However, Transgrid says it is open to any proposals that could use big batteries as part of a System Integrity Protection Scheme – measures currently employed to alleviate pressure on links between Victoria and South Australia, and which may include a new 600MW Victoria big battery to improve the capacity of the main link between Victoria and NSW.

Because of Australia’s laboriously slow regulatory process, the multi-stage regulatory investment test, the earliest that any of these options could be delivered would be 2024/25.

In the meantime, the constraints on output from the state’s biggest solar farms will not just affect the pace of the state’s and the country’s energy transition, but also the price forecasts for wholesale electricity and large scale generation certificates, and it may add to the growing list of problems that could make some big international companies wonder if investing in Australia is worth the effort.

This constraint is just the latest in a series of actions imposed by network owners and the market operators as a result of new modelling that highlights the lack of network infrastructure in some regions to deal with the huge number of wind and solar plants.

AEMO is seeking to address this problem through its much admired Integrated System Plan, a 20-year blueprint that maps out what is needed to accommodate between 70 and 94 per cent renewables by 2040.

Its focus is on the need for new transmission links, network upgrades, and the creation of renewable energy zones, including in the south-west region of NSW, but all that will happen too slowly to relieve the short term impacts on existing and already committed wind and solar projects.

The number of constraints on output is growing rapidly. South Australia is limited to around 1800MW of large scale wind, although that may soon be relived by the addition of new synchronous condensers, a sort of spinning machine that doesn’t burn fuel but provides the “synchronous” capacity deemed necessary by the networks and AEMO.

System strength shortfalls have also been identified in Victoria, south west NSW, north Queensland and even in Tasmania. Three wind and solar farms in north Queensland have not been switched on for nearly three weeks, nine others have been warned of being switched off in the “rare event’ that more coal generators go offline for maintenance at the same time as low demand, while the addition of another two wind farms in Tasmania.

The options for the affected solar farms in NSW are not great. They could add a big battery to create additional local “load”, and so reduce the amount of power flowing east.

But one problem is that under the rules of Australia’s energy market, any benefit on constraints from that battery would be shared among all the solar farms, not just the owner, developers says.  So, let’s say a 200MW solar farm adds a 100MW battery. It might expect to be allowed to generate 100MW more because it will go into the battery cells it has installed. But no, the 100MW credit from the battery load is shared amongst all.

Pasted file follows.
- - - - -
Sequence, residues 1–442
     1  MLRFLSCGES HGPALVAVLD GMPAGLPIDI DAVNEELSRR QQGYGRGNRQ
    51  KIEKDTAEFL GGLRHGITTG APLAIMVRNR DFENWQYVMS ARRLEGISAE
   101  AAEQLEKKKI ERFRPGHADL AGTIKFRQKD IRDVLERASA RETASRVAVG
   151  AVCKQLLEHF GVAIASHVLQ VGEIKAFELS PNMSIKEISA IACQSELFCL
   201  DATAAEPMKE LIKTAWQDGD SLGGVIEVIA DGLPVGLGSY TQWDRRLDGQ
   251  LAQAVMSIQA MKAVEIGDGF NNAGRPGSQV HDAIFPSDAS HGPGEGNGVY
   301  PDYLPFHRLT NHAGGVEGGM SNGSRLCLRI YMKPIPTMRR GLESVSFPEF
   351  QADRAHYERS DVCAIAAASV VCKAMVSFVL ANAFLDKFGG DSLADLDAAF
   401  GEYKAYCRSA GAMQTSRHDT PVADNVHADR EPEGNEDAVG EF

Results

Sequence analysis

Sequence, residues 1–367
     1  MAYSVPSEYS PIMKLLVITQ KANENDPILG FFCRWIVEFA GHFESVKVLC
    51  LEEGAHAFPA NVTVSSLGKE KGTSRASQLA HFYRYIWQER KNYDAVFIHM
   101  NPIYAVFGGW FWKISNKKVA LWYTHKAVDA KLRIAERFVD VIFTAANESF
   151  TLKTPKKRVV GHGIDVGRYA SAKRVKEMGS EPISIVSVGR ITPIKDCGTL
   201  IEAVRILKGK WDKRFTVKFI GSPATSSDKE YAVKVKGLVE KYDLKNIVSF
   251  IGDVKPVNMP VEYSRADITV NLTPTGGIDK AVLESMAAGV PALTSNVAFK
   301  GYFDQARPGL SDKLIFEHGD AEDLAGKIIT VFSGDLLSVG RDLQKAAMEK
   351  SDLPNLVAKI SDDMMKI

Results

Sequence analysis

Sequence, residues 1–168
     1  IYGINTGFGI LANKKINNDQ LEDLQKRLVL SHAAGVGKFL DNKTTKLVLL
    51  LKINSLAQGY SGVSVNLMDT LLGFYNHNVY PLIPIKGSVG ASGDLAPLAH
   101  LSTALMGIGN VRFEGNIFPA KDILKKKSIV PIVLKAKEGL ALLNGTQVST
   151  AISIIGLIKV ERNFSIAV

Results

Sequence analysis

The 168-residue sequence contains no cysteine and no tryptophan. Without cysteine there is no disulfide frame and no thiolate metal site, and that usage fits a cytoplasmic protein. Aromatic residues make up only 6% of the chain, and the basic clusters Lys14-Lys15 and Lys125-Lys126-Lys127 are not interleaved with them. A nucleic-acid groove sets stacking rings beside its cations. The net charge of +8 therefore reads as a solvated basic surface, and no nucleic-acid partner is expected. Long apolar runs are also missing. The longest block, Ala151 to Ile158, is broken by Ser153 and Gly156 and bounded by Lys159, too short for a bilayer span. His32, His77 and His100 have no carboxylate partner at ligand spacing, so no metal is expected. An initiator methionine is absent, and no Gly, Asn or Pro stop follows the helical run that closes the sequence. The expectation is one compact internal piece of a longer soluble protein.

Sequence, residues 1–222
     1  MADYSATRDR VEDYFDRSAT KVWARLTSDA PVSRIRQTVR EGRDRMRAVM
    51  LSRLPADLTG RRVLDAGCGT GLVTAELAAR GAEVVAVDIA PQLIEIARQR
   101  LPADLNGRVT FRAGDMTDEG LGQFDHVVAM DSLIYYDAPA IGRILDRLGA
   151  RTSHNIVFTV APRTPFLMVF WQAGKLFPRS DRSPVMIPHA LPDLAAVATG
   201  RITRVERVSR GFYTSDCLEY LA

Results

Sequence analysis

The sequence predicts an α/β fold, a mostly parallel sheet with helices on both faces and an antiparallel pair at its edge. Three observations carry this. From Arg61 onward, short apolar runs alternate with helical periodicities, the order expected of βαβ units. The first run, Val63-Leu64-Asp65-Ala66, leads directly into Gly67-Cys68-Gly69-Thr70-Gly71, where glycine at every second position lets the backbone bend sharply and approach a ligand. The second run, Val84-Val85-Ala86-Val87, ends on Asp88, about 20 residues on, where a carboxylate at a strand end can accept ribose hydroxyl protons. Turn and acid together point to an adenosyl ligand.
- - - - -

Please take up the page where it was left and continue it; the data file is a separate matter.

It’s one of a number of rules in the market that, quite simply, beggar belief. No wonder the rules of the market are being re-written by the Energy Security Board. But even if agreed, and if the federal government agrees to let the ESB do this, the rules won’t come into effect until 2025.

People may ask why, for instance, were so many solar farms allowed to be built in the areas?

The main reason is because that’s where the best resource is. But wind and solar developers in Australia, until very recently, were not told by the network owners if there were any competing projects. Until very recently, the market rules crazily prevented the networks from doing so – even if the networks knew it was a bad idea and a bunch of new projects were being built right on top of each other.

Why, then, you may ask, didn’t the networks plan for more network capacity before this? Particularly as the cost of the upgrade to mitigate this problem is not huge, compared to the amount of investment in new capacity.

The answer lies in the way the regulations work: You need to argue for a clear market benefit. And even that argument is narrowed only to wholesale market prices, such as from lower or avoided fuel costs – and the benefits to the end user barely feature.

And the regulations, of course, don’t consider environmental or climate benefits, or the broader transition. For this reason, there is genuine fear that the regulator may have no choice but to knock the proposed new link from South Australia to NSW – Project EnergyConnect – on its head.

As one exasperated solar developer noted: “It’s just the way it works in Australia. Everyone builds where the resource is. We’ve got this RiT-T (regulatory investment test) designed to stop gold plating, but it stops investment completely. Our system is designed so that nothing can change unless there is a market shock. You wait until there is an extreme problem until you do something about it.”